Disclosure: We are NOT makeup artists. Not even close. The following article documents a series of experimentations that have occasionally led to successes (and a few “Sorry, did I accidentally blind you? My bad” moments.)

Cosplay, for us, is all about the details. The closer you get, the more we want you to discover. Whether that is in the form of hand-brushed paint work, embroidered hems, or hidden foam bits, the goal is to make the costume an adventure for the eyes.

With that, the adventure continues into makeup, prosthetics, wigs, and hair. Like so many cosplay-related skills, we entered this realm with a limited skill set but a lot of excitement and ambition. Oh, and a ton of beauty makeup accumulated over the years, with a sprinkle of Halloween stuff. So, one could say we had enough on hand to make a mess and accidentally make something cool.

Flashback to that time when “doing makeup” involved drawing random stuff on your face
… or making yourself super-duper pale
… or using blush to make yourself look “evil”

Since then, we’ve talked to experts who recommended products and techniques. We’ve watched a LOT of YouTube videos. We’ve tried and failed. Then tried again and got a little better. When we couldn’t find a “pro” option, we looked around the workshop and tried stuff that DEFINITELY was not meant to be used on skin. And lived (?) to tell the tale.

“Hey, let’s paint on your face using acrylic paint and see what happens!”
“Want to paint on your face with acrylics again? You only had a rash for a day or two”
“How about we AIRBRUSH acrylic paint on your face this time? That should be fine, right?”

Fast forward a bit and now we’re playing around with “prosthetics”. And yes, that word is in quotations for a reason. In no rational world would anyone use that word for what we were doing. We glued EVERYTHING to our face — foam, plastic, actual glue — and hoped for the best.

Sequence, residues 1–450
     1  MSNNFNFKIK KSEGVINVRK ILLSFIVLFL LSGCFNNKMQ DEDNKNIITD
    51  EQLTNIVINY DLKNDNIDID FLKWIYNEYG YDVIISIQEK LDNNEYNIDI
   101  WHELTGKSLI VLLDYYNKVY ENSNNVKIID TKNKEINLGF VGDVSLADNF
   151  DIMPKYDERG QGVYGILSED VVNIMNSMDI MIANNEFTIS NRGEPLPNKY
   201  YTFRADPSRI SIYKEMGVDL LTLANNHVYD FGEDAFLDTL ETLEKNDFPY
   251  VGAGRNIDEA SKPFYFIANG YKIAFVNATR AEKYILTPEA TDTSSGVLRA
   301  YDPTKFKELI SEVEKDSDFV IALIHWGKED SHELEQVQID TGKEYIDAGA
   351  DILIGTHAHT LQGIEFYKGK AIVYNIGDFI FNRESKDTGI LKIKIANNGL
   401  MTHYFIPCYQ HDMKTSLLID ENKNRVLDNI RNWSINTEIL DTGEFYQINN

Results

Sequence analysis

That time you mixed liquid latex with toilet paper, shaped it on a piece of glass, pressed a hex pattern in with a Bic pen and fancied yourself a makeup artist.
Technically not on the face, but that gem was DEFINITELY glued on using Super Glue. (We’ll talk about that WIG on Fred in another post.)
Those gems? Also superglued on.

Then, we spent a little time with actual makeup experts who told us about Pros-aide adhesive, rigid collodion, 3rd Degree Silicone modeling compound, and other crazy cool materials that helped us jump to the next level.

Foam prosthetic pieces attached using Pros-aide, covered with 3rd Degree Silicone modeling compound and finished using beauty makeup.
Rigid collodion used to create scars.
A selection of products we used to accomplish those looks.

It’s a work in progress, to be sure. And we are continuing to challenge ourselves and learn new techniques. And isn’t that what this crazy cosplay world is all about?

OK, old habits die hard. Still using pink blush to look “EVIL” 🙂
… and still using acrylic paint to create the face tattoo. Hey, if it ain’t broke, don’t fix it!
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